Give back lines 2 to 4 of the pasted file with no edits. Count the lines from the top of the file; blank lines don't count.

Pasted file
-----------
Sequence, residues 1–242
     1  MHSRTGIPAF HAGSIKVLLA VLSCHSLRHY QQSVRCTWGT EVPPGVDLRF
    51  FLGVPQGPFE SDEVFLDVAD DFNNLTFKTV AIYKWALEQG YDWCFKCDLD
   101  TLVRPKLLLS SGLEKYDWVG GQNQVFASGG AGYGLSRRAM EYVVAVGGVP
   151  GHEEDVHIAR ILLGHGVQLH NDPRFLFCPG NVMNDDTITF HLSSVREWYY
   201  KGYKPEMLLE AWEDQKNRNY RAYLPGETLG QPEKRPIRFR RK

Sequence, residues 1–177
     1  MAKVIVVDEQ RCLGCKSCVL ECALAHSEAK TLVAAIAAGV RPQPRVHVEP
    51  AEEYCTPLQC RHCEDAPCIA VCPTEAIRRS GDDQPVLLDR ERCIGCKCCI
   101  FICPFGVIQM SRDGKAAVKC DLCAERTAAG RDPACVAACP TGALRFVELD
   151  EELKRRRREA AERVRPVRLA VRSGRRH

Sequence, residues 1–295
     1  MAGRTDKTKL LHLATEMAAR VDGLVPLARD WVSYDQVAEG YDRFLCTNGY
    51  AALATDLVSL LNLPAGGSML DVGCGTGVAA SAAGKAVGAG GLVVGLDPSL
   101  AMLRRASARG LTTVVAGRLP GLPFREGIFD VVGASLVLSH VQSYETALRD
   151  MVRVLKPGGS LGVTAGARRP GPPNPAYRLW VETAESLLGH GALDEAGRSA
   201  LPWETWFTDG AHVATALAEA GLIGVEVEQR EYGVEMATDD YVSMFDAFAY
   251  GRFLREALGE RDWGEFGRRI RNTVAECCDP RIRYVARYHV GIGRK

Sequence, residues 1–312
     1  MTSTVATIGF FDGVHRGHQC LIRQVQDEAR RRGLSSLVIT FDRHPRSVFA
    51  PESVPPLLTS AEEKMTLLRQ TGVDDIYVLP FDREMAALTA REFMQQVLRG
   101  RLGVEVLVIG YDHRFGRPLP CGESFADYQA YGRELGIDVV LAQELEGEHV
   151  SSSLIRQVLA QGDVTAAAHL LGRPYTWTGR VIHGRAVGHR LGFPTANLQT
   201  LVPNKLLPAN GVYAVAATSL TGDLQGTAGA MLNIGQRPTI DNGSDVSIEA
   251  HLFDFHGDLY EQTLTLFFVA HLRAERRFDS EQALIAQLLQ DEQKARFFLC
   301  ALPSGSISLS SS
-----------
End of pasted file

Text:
     1  MHSRTGIPAF HAGSIKVLLA VLSCHSLRHY QQSVRCTWGT EVPPGVDLRF
    51  FLGVPQGPFE SDEVFLDVAD DFNNLTFKTV AIYKWALEQG YDWCFKCDLD
   101  TLVRPKLLLS SGLEKYDWVG GQNQVFASGG AGYGLSRRAM EYVVAVGGVP